Transportation officials say a road around Wasilla is needed to meet traffic demands
WASILLA - The Mat-Su Borough is getting too big for the Parks Highway to handle the traffic. More than 30,000 cars drive the road every day.
That’s why the state hired a company to look at the possibility of building a bypass to ease congestion.
“I’ve been a resident for 35 years now and I’ve seen the Parks Highway go from a quiet, two-lane road to a very crowded, four-lane freeway,” said Senior Transportation Planner Murph O’Brien.
His job is to look at alternative ways around Wasilla. Right now there are several proposed routes for a bypass south of town.
The Mat-Su Borough is expected to hit 400,000 residents in the next 50 years, O’Brien said.
“With the amount of growth that’s going on within the borough and within the city of Wasilla, there’s a need to look towards the future as to how to improve traffic through Wasilla,” he said.
Stores along the road aren’t sold on the idea yet. The Great Alaska Pizza Company relies on stop lights to bring in business.
“They’ve got to drive by here so that definitely helps,” said Benjamin Phillips, general manager. “And people who live in Anchorage, they can call us before they come through town. They call us to get it ready, then swing by and pick it up on their way through. It’s nice having that traffic there.”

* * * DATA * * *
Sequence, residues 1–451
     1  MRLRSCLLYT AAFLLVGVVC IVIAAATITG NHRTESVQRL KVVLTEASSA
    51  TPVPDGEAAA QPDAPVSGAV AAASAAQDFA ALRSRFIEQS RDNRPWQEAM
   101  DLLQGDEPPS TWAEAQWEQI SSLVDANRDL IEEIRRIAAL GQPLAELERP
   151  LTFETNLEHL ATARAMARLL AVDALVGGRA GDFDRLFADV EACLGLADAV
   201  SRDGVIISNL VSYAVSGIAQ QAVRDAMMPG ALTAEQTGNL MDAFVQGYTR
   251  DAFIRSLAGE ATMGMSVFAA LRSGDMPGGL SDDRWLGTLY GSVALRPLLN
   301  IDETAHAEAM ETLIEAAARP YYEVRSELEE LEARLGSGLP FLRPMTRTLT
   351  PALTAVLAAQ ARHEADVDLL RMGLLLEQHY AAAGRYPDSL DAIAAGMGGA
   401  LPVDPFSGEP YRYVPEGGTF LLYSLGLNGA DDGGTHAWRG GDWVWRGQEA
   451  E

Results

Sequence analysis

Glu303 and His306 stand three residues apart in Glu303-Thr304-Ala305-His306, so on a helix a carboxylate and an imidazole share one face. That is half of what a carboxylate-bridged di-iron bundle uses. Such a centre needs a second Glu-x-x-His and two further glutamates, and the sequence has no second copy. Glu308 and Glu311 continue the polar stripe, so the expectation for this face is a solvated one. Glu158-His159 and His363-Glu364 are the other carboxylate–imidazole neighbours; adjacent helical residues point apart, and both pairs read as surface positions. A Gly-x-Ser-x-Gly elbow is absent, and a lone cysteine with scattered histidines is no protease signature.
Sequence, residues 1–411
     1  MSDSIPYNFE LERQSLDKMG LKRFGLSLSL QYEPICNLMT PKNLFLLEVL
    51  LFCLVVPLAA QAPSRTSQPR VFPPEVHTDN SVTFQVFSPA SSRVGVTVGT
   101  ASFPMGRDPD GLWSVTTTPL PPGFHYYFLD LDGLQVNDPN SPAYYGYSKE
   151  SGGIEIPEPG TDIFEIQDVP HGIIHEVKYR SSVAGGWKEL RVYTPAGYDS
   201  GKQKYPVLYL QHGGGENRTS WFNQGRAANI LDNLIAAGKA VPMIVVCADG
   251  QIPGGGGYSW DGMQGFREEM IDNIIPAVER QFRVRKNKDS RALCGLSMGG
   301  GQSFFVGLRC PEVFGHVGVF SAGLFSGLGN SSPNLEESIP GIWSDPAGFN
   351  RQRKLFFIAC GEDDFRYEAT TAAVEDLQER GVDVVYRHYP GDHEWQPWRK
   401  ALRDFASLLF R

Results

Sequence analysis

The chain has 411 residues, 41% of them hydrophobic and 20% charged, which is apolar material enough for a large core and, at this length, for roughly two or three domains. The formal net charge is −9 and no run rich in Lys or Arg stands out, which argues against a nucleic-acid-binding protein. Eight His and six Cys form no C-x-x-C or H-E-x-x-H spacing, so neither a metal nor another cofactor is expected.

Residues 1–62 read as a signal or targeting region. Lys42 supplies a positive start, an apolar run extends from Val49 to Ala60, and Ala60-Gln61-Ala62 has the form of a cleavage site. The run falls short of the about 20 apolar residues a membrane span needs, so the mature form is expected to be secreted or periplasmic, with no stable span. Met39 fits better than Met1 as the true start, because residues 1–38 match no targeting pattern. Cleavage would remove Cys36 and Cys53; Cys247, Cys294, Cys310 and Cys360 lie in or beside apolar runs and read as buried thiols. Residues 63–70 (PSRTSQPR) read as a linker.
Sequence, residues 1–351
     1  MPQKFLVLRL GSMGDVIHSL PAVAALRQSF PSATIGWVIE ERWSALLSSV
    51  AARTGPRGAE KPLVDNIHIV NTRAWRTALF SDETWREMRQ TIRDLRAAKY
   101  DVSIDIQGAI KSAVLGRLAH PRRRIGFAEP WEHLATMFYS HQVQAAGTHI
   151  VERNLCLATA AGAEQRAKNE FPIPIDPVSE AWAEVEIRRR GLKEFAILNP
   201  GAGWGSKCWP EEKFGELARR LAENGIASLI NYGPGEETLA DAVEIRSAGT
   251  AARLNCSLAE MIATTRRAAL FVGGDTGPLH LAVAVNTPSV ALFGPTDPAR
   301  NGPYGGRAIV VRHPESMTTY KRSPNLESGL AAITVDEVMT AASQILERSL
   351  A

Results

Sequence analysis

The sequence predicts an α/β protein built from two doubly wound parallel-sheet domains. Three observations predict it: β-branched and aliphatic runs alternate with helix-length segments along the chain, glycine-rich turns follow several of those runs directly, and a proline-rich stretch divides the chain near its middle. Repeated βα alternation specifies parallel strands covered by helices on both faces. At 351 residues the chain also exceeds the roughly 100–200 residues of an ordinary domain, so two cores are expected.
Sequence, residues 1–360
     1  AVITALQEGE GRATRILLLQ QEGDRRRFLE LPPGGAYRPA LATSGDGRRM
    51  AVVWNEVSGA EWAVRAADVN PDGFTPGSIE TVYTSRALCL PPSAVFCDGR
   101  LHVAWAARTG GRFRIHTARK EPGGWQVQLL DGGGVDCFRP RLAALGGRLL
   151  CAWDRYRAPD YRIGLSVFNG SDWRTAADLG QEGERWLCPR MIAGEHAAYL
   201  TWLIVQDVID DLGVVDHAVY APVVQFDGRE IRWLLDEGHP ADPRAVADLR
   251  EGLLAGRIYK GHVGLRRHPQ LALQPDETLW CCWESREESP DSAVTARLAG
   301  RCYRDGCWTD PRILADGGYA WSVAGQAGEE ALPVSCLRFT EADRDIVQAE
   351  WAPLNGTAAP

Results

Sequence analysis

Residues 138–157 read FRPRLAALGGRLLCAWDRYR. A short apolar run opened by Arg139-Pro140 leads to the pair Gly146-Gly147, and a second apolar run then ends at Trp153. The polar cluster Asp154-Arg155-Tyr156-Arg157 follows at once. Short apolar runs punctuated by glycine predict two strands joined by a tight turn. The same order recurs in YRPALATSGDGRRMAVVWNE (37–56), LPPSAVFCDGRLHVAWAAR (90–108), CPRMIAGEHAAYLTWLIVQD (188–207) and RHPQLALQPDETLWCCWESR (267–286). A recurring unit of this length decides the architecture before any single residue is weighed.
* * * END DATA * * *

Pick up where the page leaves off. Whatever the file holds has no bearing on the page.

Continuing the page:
Cold Stone Creamery is in the Creekside Plaza along the highway. Manager Hope Miller sees the congestion problem every day.
“Getting off work at 5 or 6 o’clock, trying to pull out of work can take a half an hour to get out because people aren’t exactly the nicest about letting you out,” Miller said.
However, the ice cream shop also depends on people driving through town.
“I think it would be really nice for rush hour, but as for being a business that is right here where a lot of out-of-towners pass by and see us and get excited, I’d be really worried about losing business,” she said.
The city and state have looked at alternative routes several times in the past three decades, O’Brien said, and they can’t let this project slip by again.
“Something needs to be done to the Parks Highway,” he said. “That either needs to be widened to add lanes through Wasilla which would have a detrimental impact to the land use and businesses in Wasilla. Or you go south and create a new road.”
A new road would make the commute faster for drivers by detouring around the dozen stoplights.
Part of the state’s $2 million economic analysis will look at the property values and wetlands in the area. The study will also determine how much the project could cost and if it’s worth it. It should be completed by the end of January 2014, O’Brien said.